Showing posts from April, 2011

Said versus dialogue tags

Dialogue tags let your reader know who is speaking; they are a way of giving clarity to your dialogue, especially when you have several characters talking within a scene.    The tags are not essential in every line of speech – especially when you have only a couple of characters talking, but you can use them occasionally just to remind your reader who is speaking. The argument of said versus other dialogue tags has rumbled on for eons.   The one thing I have found with fiction writing is that some things are good in moderation, and constructing fiction is always subjective, so it is entirely up to the writer what he or she wants to use.   Said’ The most overused tag is ‘said’.   You might think there is good reason for that, after all, we’re taught this in English classes from an early age.   Its use, however, can sometimes grate on the nerves if you have nothing else in terms of dialogue tags to give to the reader. Despite many teachers and editors advising to do away with too ma

Common sentence errors and how to eliminate them

With an understanding of what makes good sentences, it will be easier to weed out the common errors that can creep into sentence structures. Everything from non-parallel sentences, fragments, ambiguity and hanging participles, misplaced commas and so on. Vigilance at the editing stage should eliminate all of these. Without changing these kinds of errors, your writing will remain terrible, clunky and stilted. Parallel sentences - In fiction writing, a parallel sentence means there is a balance of sentence structure. That means that similar words, phrases, or clauses should be the same in a list within a sentence and the way to join parallel structures is with the use of coordinating conjunctions such as "and" or "or." It probably sounds more complicated than it actually is.  The balance is lost when a mixture of gerunds (words with ‘ing’) and verb forms are put together. Take these examples: He liked to run, to keep fit, and swimming. He liked swimming and to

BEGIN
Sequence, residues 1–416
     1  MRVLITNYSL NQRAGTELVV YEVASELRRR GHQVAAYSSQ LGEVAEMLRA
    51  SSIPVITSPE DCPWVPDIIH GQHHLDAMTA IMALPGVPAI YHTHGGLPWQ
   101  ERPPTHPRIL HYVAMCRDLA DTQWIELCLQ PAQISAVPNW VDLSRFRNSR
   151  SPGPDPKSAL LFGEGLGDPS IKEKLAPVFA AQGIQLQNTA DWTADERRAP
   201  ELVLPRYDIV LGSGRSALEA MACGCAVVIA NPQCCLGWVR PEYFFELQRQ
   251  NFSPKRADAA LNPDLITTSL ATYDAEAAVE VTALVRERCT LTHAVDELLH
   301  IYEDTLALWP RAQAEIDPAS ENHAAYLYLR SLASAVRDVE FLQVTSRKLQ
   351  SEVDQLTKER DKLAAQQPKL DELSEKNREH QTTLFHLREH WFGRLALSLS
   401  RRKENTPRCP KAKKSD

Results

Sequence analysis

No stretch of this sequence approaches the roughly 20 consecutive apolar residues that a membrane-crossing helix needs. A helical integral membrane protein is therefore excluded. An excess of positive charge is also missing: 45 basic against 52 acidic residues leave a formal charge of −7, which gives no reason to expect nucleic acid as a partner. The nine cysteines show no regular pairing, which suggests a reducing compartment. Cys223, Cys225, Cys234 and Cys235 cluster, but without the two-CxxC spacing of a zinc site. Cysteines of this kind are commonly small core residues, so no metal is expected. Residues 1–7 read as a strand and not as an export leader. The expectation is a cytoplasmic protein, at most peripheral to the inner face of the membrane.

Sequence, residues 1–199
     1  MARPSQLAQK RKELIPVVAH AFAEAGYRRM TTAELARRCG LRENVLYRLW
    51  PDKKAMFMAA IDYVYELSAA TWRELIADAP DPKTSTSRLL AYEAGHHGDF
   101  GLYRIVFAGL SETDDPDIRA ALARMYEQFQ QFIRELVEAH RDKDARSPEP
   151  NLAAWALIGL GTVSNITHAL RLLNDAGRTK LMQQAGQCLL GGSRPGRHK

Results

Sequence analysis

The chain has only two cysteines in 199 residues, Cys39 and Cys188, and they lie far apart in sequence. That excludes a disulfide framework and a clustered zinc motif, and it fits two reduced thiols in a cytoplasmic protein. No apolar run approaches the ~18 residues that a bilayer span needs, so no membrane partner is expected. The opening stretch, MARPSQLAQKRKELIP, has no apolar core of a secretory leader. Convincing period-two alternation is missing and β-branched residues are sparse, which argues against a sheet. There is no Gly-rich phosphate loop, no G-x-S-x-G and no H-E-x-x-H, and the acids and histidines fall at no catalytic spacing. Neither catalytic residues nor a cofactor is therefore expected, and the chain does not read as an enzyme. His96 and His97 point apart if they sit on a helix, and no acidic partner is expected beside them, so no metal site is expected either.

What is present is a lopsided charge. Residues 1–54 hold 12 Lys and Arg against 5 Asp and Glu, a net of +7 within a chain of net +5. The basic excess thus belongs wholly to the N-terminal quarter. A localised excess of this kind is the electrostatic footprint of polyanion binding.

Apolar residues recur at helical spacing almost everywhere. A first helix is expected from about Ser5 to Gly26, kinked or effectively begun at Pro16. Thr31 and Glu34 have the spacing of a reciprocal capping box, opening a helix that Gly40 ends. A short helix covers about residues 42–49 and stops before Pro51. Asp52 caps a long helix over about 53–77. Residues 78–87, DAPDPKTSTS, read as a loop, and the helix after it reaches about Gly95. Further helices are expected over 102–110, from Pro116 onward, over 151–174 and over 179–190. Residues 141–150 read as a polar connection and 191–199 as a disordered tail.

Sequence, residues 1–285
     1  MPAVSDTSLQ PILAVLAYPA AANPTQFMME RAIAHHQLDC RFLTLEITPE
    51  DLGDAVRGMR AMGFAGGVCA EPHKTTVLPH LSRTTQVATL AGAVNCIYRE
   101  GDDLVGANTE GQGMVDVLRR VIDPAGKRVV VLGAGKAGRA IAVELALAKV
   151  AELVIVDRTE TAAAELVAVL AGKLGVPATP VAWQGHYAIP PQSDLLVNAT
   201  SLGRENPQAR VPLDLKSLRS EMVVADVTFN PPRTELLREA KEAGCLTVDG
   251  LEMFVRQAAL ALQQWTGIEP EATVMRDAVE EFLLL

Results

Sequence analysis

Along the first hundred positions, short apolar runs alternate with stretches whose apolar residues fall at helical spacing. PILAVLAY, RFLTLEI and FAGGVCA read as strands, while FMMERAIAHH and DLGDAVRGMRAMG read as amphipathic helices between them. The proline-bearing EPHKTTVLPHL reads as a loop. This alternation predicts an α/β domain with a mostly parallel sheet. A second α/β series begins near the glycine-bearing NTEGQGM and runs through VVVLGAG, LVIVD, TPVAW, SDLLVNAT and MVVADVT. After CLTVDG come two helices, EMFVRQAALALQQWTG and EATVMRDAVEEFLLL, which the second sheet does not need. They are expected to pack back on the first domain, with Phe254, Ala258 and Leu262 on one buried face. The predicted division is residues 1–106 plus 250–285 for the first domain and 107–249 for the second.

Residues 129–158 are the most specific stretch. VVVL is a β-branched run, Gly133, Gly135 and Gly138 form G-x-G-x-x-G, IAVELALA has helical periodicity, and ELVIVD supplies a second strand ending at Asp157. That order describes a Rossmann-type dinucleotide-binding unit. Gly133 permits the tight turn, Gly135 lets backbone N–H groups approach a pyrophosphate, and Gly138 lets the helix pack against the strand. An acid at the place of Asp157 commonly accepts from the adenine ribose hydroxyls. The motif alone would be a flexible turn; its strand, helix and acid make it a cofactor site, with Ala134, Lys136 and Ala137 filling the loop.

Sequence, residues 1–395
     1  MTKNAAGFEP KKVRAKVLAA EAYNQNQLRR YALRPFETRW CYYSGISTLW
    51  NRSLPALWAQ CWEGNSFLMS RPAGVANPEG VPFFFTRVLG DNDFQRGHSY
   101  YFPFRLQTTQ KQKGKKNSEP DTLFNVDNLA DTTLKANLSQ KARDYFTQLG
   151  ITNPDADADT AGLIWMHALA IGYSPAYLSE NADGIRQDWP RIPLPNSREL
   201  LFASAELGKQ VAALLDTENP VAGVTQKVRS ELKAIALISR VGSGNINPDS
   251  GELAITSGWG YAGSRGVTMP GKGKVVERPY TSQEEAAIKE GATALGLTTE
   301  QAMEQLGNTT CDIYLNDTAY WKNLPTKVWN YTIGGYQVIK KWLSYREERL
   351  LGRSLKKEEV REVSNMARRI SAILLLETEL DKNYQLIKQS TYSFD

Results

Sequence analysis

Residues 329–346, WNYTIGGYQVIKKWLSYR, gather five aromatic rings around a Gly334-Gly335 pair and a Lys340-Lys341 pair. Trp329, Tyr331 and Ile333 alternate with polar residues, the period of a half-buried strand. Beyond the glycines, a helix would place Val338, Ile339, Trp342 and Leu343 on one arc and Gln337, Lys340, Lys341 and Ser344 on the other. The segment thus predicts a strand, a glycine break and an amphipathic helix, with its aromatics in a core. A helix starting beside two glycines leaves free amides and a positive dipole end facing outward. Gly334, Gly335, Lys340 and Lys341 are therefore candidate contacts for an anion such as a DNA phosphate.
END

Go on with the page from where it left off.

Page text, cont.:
Part 3 – Sentences and dialogue

Creating the right rhythm for dialogue sentences is just as important as ordinary sentences within the narrative. How you break up speech, how you punctuate it, how you show the reader who is speaking, requires skill. Effective dialogue greatly depends on how you structure your sentences. They can end up becoming clunky or stilted without you even noticing, if you are not careful, but these things can be easily amended at editing stage. Dialogue Sentence Structures Speech tags show the reader who is speaking, but sometimes, new writers frequently add speech tags to dialogue which are not actually required. For example: Peter climbed out the car and put his sunglasses on. ‘Let’s check out our new house,’ he said . The problem here is the tag placement. By telling the reader at the beginning of the sentence that Peter climbed out the car, the reader knows who is talking. This means the ‘he said’ is not required. If you make it clear who is speaking, then you don't need to

Part 2 - How do you structure sentences?

Understanding how sentence structures work should help you build better sentences. But it’s not just about knowing the different types of sentences that can improve your writing – simple, complex and compound sentences -sometimes it is about how we ‘hear’ the sentences when we read them aloud, or when we read them at editing stage that we often find errors. Often when we look at our sentences, some may not look right. When we read them we might trip up, or stall, or they just don’t make sense – so something isn’t right. This instinct is correct most of the time– it doesn’t look right because invariably it isn’t. That’s why some sentences work better than others. As an example, let’s take a section of the above sentence and see which of the following sentences works better.  The first one is what I was originally going to write and the second one is the one I chose: Most of the time, this instinct is correct. This instinct is correct most of the time. While both sentences are p

Part 1 - Sentence Structure

Understanding sentences How do you know that writing a sentence in a different way is better than your original? Does it sound right, does it read better, does it make the point? More importantly, is it grammatically correct? We’re not born with the ability to tell the difference between good sentences and bad ones; it is something the writer learns, with practice, and over time, the writer begins to understand the concept of fitting the right words and ideas together. Sentences not only read better, but also sound better. Creating the right sentences with the right words is an art form and it is one of those important elements in fiction writing that give a writer a sense of style and voice. We write our sentences without thinking about the technical side of sentence construction, but to fully understand and appreciate sentence structure, writers have to understand the form of language and grammar - this is important when creating narrative.  There are several sentence patt